Are principles of human rights are more important than the principles of non-interference? asks Prof Tommy Koh

Article 14 of the Asean Charter may prove to be one of the most difficult to implement. Providing for a human rights body, the details have yet to be worked out. As Prof Tommy Koh said in his speech to the 7th Workshop, “There was no issue that took up more of our time, no issue as controversial and which divided the Asean family so deeply as human rights.”

Below is the Straits Times report of his speech.

Straits Times
13 June 2008

Consensus needed on human rights: Prof Koh

Difficult areas to be examined before Asean human rights body can be set up
By Kor Kian Beng

ASEAN countries need consensus on several difficult questions if an Asean human rights commission is to be set up, said Ambassador at Large Tommy Koh yesterday.

These are:

# Should the commission have powers to monitor or investigate the human rights situation in its member states?

# How should it balance between the principle of protecting human rights and that of non-interference in another country’s internal affairs?

# Should it push for a perspective on human rights that emphasises both rights and responsibilities, as opposed to rights alone?

These are questions that will confront a high-level panel when it is set up next month to draw up the terms of reference for the new body, said Professor Koh.

He cited Cyclone Nargis, which hit Myanmar early last month, as an example of a situation in which human rights clashed with Asean’s well-known principle of non-interference in the internal affairs of its members.

‘Do the rest of the Asean family have the right to say that, in extreme situations like this, principles of human rights are more important than the principles of non-interference?’ he asked.

Prof Koh was speaking yesterday at a workshop jointly organised by the Singapore Institute of International Affairs and the Working Group for an Asean Human Rights Mechanism.

The Working Group comprises human rights groups from across Asean. Singapore is represented by Maruah (Singapore Working Committee for an Asean Human Rights Mechanism).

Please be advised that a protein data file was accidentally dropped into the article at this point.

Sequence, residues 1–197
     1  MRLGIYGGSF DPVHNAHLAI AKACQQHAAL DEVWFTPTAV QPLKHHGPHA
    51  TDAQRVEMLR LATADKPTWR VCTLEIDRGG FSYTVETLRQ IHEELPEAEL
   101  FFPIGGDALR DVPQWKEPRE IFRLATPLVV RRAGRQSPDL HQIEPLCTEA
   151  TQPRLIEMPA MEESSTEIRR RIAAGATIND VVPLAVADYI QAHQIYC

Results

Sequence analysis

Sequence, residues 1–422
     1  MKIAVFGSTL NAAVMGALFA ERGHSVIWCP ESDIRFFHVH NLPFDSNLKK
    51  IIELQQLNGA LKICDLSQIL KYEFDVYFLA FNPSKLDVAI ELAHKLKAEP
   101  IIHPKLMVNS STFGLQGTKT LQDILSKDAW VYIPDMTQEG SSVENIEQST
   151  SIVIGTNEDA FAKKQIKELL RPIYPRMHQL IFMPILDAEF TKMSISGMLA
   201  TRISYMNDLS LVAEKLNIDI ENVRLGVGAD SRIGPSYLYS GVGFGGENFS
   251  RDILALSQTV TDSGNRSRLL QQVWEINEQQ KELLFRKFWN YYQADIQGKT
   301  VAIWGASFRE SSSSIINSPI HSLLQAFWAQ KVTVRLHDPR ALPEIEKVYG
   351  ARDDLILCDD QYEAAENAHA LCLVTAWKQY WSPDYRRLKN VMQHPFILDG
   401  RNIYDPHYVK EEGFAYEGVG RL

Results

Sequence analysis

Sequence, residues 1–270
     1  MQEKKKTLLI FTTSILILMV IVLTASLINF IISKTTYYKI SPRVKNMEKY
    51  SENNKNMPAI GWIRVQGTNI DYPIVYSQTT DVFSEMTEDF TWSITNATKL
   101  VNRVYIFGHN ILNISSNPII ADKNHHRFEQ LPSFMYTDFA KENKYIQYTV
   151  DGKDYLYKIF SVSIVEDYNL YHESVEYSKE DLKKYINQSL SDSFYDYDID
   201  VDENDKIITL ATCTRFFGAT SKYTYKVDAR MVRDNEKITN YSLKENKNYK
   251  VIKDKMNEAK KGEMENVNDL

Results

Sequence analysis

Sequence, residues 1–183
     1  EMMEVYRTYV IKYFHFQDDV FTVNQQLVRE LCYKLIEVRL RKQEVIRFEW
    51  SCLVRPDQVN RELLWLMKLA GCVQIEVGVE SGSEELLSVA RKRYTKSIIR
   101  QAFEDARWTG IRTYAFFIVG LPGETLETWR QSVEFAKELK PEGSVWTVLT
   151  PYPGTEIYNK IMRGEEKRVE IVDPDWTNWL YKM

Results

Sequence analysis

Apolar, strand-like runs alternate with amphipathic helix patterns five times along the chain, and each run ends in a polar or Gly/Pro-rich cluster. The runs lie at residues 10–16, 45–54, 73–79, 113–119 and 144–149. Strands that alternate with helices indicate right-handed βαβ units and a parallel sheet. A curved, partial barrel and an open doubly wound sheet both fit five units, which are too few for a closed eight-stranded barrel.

They will submit their recommendations at the Asean Ministerial Meeting here next month.

The high-level panel to decide terms of reference for the human rights commission will comprise representatives from all 10 Asean states. Singapore’s representative will be someone ‘very senior’ from the foreign ministry, said Prof Koh.

The panel is likely to complete its work when Bangkok hosts the Asean Summit at year end, he said.

Prof Koh noted that the same three issues divided a high-level task force set up in January last year to draft the Asean Charter. He was part of that task force.

He said: ‘There was no issue that took up more of our time, no issue as controversial and which divided the Asean family so deeply as human rights.’

There were two opposing camps. Indonesia, Malaysia, Thailand and the Philippines, four countries with their own national human rights commissions, were on one side, while Cambodia, Laos, Myanmar and Vietnam were on the other.

Said Prof Koh: ‘Brunei and Singapore didn’t belong to either camp and tried to play the role of bridge builders during meetings.’

Still, the task force reached a consensus on several points about the human rights commission. They agreed it would be an inter-government organisation staffed by government representatives, and it would not be accusatory in nature.

It should also define human rights in the Asean context and express these views on Asean’s behalf at international forums.

Dr Surin Pitsuwan, a former Thai foreign minister and currently Asean secretary-general, said during the same workshop that more work needs to be done to back the assumption that Asean’s definition on human rights should differ from universal standards.

He also expressed optimism that Indonesia, Myanmar, the Philippines and Thailand, the four Asean members that have not ratified the Asean Charter, will do so before the year-end summit.

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